By far the most common frauds are those involving asset misappropriation, and there are many different types of fraud which fall into this category. The common feature is the theft of cash or other assets from the company, for example:

• Cash theft - the stealing of physical cash, for example petty cash, from the premises of a company.

• Fraudulent disbursements - company funds being used to make fraudulent payments.

Common examples include billing schemes, where payments are made to a fictitious supplier, and payroll schemes, where payments are made to fictitious employees (often known as 'ghost employees').

• Inventory frauds - the theft of inventory from the company.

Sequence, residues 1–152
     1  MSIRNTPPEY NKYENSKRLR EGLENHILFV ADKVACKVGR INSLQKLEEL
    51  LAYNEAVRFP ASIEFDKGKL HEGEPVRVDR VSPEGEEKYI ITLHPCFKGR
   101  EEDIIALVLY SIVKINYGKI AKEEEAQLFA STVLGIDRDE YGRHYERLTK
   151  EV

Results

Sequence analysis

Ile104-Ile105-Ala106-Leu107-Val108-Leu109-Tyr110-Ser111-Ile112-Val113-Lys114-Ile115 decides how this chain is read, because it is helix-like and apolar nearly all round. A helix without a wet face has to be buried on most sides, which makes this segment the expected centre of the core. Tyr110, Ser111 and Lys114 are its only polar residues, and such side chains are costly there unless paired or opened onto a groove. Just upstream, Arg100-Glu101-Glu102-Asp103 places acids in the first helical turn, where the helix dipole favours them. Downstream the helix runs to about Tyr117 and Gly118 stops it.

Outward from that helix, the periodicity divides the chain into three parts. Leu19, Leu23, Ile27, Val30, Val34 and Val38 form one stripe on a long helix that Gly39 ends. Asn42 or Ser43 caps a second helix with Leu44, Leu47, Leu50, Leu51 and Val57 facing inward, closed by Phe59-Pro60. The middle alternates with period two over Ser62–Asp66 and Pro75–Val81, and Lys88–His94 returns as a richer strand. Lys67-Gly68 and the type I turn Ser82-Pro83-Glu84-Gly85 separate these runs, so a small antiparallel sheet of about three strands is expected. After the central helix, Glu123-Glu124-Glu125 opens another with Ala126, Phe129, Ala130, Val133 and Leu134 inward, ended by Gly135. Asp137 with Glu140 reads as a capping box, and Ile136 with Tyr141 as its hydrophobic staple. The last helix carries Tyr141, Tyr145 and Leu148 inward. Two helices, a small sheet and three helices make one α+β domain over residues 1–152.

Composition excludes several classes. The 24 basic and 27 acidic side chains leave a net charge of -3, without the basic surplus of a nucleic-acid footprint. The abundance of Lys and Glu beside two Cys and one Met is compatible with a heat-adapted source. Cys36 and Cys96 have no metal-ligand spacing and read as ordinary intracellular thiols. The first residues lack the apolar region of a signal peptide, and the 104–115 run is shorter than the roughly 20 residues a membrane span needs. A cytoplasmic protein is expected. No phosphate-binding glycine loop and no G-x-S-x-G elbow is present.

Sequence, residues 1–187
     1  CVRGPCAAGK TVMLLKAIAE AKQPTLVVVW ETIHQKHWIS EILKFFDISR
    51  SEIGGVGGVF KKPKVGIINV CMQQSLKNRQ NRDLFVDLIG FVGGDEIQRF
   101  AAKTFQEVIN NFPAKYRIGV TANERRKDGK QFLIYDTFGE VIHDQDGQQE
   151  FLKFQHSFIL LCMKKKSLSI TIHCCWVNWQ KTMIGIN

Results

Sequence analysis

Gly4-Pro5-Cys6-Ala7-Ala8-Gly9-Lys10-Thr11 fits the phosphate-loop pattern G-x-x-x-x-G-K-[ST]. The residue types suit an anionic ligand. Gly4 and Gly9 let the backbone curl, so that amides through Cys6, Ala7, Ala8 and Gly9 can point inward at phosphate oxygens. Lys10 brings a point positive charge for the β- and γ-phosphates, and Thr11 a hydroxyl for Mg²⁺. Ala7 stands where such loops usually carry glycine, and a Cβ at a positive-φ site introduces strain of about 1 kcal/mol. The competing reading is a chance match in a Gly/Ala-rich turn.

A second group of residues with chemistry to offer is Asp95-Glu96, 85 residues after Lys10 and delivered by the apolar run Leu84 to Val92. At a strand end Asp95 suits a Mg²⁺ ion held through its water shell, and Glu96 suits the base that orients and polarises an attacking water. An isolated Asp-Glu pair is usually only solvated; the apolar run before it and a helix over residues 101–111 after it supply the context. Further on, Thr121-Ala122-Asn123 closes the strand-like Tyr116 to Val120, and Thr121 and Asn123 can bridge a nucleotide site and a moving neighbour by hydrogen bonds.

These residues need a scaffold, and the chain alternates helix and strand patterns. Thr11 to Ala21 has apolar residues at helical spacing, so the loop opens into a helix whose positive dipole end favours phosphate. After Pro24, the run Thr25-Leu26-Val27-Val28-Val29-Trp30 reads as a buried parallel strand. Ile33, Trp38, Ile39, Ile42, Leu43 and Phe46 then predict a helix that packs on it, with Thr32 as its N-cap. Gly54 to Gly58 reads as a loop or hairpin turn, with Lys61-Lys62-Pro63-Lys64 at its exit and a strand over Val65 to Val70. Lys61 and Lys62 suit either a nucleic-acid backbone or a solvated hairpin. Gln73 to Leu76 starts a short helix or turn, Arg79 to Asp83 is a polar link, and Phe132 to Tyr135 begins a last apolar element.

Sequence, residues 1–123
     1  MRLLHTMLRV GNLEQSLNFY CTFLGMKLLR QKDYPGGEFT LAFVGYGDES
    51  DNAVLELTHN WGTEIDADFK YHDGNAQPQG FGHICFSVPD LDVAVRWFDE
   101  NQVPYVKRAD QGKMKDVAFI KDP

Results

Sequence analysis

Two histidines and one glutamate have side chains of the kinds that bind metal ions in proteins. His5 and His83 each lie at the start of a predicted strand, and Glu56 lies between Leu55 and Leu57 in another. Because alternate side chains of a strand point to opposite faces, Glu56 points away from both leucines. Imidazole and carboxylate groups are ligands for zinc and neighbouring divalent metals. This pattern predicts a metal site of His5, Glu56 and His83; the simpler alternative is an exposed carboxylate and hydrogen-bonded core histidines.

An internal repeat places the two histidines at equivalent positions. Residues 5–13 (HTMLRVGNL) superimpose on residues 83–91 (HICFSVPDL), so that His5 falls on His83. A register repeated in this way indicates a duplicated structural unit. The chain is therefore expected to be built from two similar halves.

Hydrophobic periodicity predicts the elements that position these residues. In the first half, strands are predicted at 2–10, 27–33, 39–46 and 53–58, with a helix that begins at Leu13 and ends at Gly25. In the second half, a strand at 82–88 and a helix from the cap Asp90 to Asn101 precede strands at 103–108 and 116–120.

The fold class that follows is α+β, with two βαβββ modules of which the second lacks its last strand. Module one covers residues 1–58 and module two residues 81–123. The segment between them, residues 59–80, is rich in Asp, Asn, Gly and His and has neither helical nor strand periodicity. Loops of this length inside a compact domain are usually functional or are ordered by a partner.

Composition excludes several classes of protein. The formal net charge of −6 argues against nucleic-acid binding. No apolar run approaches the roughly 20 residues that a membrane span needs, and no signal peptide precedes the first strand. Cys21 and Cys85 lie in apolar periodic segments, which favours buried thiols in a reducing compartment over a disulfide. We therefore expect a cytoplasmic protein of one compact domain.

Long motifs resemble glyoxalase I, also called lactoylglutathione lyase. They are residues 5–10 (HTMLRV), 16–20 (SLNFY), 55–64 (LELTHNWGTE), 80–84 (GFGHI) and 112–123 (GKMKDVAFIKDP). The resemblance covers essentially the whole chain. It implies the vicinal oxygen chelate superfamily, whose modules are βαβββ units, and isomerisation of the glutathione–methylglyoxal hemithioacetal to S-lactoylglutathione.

• Misuse of assets - employees using company assets for their own personal interest.


This is also known as fraudulent financial reporting, and is a type of fraud that causes a material misstatement in the financial statements. It can include deliberate falsification of accounting records; omission of transactions, balances or disclosures from the financial statements; or the misapplication of financial reporting standards. This is often carried out with the intention of presenting the financial statements with a particular bias, for example concealing liabilities in order to improve any analysis of liquidity and gearing.



Critical point auditing technique aims at filtering out the symptoms of fraud from regular and normal transactions in which they are mixed or concealed. For this purpose, financial statements, books, records, etc. are analyzed mainly to find out: